The Idea of Prostitution

The Idea of Prostitution

The Idea of Prostitution

The Idea of Prostitution

Synopsis

The idea which this book explores is that of men's entitlement to abuse and profit from the abuse of women in prostitution. The book shows how this idea, central to male supremacist ideology, has been bolstered by masculine systems of thought such as sexology, sociology, historiography and queer theory. The feminist challenge to this idea has become more difficult in recent times because sexual liberalism, economic individualism and free 'choice' ideas have persuaded even some feminists that prostitution should be seen as 'just a job like any other'. Jeffreys argues that it is important to recognise men's abuse of women in prostitution as a variety of male sexual violence and a violation of women's human rights.

Excerpt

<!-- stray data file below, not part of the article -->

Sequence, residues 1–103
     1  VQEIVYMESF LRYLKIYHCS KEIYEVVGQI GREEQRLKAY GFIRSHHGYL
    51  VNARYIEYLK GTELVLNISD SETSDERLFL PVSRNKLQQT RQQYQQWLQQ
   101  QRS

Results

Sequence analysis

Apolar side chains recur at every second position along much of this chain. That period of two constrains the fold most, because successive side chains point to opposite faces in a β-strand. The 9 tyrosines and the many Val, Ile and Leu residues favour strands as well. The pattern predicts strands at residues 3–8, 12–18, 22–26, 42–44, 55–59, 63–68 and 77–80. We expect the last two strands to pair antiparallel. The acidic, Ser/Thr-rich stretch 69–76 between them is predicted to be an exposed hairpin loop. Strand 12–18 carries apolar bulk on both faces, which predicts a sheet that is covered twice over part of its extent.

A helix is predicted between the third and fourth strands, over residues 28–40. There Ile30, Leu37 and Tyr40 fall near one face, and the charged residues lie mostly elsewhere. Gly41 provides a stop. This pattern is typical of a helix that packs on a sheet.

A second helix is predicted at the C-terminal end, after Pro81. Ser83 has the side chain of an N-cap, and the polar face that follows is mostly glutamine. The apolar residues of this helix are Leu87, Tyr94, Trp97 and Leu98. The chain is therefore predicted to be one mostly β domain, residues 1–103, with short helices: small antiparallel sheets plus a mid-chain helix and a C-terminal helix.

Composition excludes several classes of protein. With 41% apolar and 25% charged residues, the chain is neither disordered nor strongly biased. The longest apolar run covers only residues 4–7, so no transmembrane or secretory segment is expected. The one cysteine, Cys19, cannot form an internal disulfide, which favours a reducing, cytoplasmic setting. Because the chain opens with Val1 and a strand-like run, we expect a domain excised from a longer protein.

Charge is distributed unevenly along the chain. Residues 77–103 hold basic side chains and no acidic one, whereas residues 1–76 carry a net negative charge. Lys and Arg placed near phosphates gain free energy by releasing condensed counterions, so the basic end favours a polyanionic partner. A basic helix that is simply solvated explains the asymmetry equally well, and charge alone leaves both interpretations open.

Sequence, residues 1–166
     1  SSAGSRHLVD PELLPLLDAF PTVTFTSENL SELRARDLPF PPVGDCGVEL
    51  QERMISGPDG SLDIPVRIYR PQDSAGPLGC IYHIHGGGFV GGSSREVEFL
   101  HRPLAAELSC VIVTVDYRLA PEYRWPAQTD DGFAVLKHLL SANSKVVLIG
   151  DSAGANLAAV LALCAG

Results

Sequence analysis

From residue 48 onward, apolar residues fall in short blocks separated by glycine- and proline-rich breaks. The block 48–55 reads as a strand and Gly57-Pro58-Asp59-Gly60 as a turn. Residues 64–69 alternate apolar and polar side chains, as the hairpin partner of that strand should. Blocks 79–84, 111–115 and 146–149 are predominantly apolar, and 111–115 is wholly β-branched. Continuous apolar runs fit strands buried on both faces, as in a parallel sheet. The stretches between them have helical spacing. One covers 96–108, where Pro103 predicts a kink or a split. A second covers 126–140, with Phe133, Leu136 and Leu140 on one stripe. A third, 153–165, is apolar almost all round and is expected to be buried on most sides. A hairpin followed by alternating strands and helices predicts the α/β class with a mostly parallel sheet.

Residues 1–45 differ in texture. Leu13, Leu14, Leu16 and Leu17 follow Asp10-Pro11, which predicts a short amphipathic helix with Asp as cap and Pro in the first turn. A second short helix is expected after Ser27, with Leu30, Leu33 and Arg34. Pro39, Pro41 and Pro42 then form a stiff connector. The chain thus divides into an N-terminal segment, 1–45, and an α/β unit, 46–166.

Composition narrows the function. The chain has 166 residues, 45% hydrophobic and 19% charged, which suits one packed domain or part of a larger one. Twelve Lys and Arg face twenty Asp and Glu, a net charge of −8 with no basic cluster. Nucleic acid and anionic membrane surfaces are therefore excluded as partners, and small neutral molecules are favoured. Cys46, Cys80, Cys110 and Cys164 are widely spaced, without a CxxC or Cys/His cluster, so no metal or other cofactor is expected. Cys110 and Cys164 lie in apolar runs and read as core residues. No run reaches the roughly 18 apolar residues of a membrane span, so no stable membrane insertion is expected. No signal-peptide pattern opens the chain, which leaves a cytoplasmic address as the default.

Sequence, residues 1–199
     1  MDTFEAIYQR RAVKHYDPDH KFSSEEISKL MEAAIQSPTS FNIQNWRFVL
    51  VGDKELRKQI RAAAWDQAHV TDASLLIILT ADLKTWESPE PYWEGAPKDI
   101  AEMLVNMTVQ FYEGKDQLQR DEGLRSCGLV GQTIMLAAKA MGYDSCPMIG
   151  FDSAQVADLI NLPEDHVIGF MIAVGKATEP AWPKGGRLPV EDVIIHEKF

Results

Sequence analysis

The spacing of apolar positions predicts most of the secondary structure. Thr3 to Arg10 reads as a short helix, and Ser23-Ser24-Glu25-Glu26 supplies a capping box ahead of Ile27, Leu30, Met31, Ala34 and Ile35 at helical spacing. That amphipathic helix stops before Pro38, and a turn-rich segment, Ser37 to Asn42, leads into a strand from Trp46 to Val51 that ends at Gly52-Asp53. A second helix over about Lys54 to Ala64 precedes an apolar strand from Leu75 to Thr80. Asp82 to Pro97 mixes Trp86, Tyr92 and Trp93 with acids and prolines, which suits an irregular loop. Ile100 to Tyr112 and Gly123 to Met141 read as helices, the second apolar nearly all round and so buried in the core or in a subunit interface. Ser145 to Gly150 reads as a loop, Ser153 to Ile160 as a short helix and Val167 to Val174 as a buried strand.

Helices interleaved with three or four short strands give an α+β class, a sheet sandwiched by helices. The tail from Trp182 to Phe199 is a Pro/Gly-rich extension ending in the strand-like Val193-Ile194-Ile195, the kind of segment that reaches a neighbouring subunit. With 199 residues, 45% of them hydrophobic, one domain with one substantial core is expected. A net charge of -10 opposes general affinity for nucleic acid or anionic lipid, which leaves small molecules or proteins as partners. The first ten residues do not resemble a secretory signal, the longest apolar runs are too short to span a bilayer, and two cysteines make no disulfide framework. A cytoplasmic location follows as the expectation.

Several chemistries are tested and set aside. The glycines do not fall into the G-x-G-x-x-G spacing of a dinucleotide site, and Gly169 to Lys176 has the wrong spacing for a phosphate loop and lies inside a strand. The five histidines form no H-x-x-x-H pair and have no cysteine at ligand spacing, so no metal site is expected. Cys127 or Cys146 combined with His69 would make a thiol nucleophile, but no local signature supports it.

This book is called The Idea of Prostitution because it is concerned with ways of thinking about prostitution. The aim is to explain how feminist thinking on prostitution has become so polarised at the end of the twentieth century. Whilst some are defining men's use of women in prostitution as a form of sexual violence, there are others who seek to normalise and legitimise “sex work” as a reasonable job for a woman. Such opposite views, all calling themselves “feminist”, did not always exist. In the late nineteenth and early twentieth centuries, feminist attitudes were much more homogeneous. One prominent member of the Ladies' National Association for the Repeal of the Contagious Diseases Acts, Elizabeth Wolstenholme Elmy, expressed the typical feminist perspective of the time well when she wrote of prostitution as the “profanation of the dignity and individuality of women” (quoted in Jeffreys, 1997, p. 34). The feminist determination to end prostitution was strong and internationally united in this period, though there were differences in the analysis of why prostitution must end and how this was to be achieved (see Jeffreys, 1985, ch. 1). In the first chapter of this book, I document the ways in which the feminist antiprostitution campaigns of the period before World War I went international in the 1920s and 1930s. Feminists from a variety of countries and organisations sought a convention to outlaw the traffic in women, a campaign which resulted in a . . .

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